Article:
You can do this by using a tool like SpyFu or SEMrush that will show you the keywords searched by each website in your industry. Just enter your competitor’s URL and see what comes up!
If you see that they have a lot of long-tail keywords (e.g., “how to build an online store” instead of just “online store”), then it means those long-tail phrases are getting traffic from people who don’t know exactly what they want yet but might be interested in learning more about building an online store once they’ve learned more about it from their search query results page (SERP).
Keyword optimization is using keywords to make your website more appealing to search engines. Keywords are essential to search engine optimization and should be used throughout your website.
Keyword stuffing is when you use too many keywords on one page or you unnaturally put them (for example: “Buy Cheap Shoes Online”). This will make Google think that the content on that page isn’t very useful for humans and won’t rank as highly for those searches (because Google wants to show people relevant results).
Keyword density is the percentage of times a word or phrase appears on a web page compared to the total number of words on the page. For example, if you have an article with 1,000 words and there are 10 instances of your keyword in that article, it has a keyword density of 1%.
Keyword density is one factor that search engines use as part of their ranking algorithms for determining how well a site ranks in search engine results. A high keyword density can give you better visibility in organic searches because it shows that people want to read about what you’re writing about (and might even be searching for). But don’t overdo it–if you stuff too many keywords into your content just because they rank well now, those pages may no longer rank well later when Google adjusts its algorithm again!
The best way to determine what’s appropriate for any given piece is by looking at other similar pieces online: if most sites have 2%-10% keyword usage and yours falls outside this range (or looks like spam), then try adjusting accordingly.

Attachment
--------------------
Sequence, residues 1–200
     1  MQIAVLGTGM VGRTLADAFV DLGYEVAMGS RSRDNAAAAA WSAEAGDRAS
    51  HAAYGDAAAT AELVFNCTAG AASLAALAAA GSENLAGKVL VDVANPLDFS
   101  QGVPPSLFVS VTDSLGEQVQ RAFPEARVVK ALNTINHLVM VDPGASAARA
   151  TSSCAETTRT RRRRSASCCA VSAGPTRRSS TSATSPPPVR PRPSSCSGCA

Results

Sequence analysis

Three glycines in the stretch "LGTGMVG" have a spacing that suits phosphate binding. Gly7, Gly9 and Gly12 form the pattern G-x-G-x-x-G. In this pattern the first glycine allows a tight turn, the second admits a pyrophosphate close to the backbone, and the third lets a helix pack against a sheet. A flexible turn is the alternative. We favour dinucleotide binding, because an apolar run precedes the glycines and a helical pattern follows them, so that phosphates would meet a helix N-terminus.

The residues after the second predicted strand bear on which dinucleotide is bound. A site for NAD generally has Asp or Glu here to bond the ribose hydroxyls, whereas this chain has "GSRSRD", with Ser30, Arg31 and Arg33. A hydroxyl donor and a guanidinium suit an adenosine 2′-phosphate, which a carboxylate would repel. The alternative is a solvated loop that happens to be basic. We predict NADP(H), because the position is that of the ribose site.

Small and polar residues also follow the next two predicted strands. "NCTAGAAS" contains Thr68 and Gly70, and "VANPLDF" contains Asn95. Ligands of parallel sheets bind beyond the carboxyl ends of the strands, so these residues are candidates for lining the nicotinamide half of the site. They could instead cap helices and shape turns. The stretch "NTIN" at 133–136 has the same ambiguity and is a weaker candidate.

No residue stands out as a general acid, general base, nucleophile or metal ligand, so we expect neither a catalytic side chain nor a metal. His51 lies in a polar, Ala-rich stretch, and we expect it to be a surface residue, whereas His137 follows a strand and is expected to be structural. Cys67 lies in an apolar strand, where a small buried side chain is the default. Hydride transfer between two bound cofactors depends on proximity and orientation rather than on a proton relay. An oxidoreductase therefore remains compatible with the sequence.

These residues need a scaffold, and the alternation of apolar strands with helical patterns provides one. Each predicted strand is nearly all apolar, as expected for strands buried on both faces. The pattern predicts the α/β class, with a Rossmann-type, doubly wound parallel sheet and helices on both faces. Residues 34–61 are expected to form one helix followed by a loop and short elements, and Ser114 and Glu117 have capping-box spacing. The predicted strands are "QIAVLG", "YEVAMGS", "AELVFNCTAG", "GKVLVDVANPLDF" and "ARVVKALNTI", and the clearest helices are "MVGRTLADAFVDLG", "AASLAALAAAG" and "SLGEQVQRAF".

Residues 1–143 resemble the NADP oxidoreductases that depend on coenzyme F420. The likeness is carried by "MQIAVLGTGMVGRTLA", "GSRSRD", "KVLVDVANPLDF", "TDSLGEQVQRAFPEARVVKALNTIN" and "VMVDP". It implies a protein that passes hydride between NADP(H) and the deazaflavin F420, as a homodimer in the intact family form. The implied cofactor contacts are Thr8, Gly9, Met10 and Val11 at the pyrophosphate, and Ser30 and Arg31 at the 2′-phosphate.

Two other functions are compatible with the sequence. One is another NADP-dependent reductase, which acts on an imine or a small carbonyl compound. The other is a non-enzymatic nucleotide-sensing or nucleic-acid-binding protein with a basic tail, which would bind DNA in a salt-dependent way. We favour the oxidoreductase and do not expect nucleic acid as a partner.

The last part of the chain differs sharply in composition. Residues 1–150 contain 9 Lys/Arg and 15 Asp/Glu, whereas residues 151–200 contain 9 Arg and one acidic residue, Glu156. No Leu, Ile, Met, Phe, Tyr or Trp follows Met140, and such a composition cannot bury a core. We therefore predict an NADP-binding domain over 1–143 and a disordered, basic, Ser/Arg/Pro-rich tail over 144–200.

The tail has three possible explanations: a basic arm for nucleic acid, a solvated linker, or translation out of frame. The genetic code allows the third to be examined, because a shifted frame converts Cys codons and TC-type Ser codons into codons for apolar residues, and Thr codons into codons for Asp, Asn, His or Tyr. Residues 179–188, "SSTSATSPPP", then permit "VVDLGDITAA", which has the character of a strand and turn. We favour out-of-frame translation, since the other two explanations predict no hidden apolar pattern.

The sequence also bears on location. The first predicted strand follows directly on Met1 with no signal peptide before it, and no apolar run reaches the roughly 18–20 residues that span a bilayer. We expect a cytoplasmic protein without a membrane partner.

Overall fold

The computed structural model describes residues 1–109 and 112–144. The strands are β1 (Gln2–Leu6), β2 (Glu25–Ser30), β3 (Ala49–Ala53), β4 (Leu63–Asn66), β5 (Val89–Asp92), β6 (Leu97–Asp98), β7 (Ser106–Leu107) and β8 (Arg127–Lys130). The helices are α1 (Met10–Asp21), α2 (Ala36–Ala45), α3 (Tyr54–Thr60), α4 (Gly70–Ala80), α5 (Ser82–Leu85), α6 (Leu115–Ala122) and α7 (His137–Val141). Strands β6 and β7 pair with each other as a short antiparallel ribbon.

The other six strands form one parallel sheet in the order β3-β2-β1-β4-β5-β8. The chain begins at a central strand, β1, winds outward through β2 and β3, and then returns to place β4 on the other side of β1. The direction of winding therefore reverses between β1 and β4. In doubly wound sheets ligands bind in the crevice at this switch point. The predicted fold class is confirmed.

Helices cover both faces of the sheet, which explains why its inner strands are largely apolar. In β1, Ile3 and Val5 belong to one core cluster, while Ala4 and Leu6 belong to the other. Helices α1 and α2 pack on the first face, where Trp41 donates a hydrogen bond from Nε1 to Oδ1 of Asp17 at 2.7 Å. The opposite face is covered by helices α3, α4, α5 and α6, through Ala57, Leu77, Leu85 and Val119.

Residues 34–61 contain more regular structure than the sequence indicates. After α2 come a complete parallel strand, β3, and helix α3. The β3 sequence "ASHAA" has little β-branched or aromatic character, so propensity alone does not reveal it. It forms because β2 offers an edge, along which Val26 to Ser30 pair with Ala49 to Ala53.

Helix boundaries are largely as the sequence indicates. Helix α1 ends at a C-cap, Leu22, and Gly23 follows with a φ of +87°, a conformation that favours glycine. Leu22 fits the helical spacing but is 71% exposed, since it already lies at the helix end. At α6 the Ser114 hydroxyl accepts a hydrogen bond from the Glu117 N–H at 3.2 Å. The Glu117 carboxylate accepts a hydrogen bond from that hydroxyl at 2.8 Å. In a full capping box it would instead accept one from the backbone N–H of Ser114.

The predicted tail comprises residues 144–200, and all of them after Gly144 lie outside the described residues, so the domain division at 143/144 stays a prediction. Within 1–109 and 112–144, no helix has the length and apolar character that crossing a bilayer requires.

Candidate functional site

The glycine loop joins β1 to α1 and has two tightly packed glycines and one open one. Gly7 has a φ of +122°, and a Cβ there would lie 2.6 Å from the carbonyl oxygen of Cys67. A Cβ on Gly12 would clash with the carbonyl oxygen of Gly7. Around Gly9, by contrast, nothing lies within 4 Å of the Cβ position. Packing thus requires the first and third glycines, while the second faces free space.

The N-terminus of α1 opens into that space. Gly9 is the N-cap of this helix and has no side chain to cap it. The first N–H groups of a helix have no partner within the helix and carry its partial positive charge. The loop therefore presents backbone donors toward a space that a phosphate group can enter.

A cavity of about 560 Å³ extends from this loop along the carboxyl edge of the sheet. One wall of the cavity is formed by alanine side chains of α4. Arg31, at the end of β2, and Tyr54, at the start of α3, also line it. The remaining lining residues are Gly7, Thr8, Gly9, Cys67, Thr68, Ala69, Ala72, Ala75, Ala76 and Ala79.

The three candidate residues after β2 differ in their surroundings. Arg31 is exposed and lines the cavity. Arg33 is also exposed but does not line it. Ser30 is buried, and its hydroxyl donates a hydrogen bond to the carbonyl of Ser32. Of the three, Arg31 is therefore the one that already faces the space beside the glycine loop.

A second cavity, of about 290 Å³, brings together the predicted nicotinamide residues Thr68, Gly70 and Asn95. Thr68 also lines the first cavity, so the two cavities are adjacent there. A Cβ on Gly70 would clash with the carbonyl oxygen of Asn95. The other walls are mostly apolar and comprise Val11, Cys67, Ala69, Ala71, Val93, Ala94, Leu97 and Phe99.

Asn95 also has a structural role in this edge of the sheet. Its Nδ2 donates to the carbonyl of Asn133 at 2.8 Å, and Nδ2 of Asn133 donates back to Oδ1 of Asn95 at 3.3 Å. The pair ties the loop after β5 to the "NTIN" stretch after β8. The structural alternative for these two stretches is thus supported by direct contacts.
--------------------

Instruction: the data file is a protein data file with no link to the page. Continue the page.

Keyword mapping is creating a keyword matrix, essentially a list of all the keywords you want to target. The matrix should include columns for each keyword and rows for each page on your site.
This step aims to identify which pages on your site are most relevant for each keyword so that when Google crawls them, they’ll know exactly what they’re looking at and rank them accordingly. This will help boost your overall search engine rankings and individual pages’ rankings–it’s like getting two birds with one stone!
Keyword stuffing is when you repeat the same keyword over and over again. For example, if you’re trying to rank for “best weight loss diet” on Google, your headline might look something like this:
- Best Weight Loss Diet – The Only Way You’ll Ever Lose Weight!
- Best Weight Loss Diet – Your Complete Guide To Losing 5 Pounds In 10 Days!
In this case, we’ve stuffed two “weight loss” instances into our headlines (and one more in our subheadline). This isn’t necessarily bad practice if it’s done well–you don’t want your content to be downright boring! But keyword stuffing can quickly become spammy if done incorrectly or excessively. It also doesn’t help that Google has clarified that they’re no longer as focused on keywords as they used to be; instead, they prefer quality over quantity when determining which websites should appear first in search results.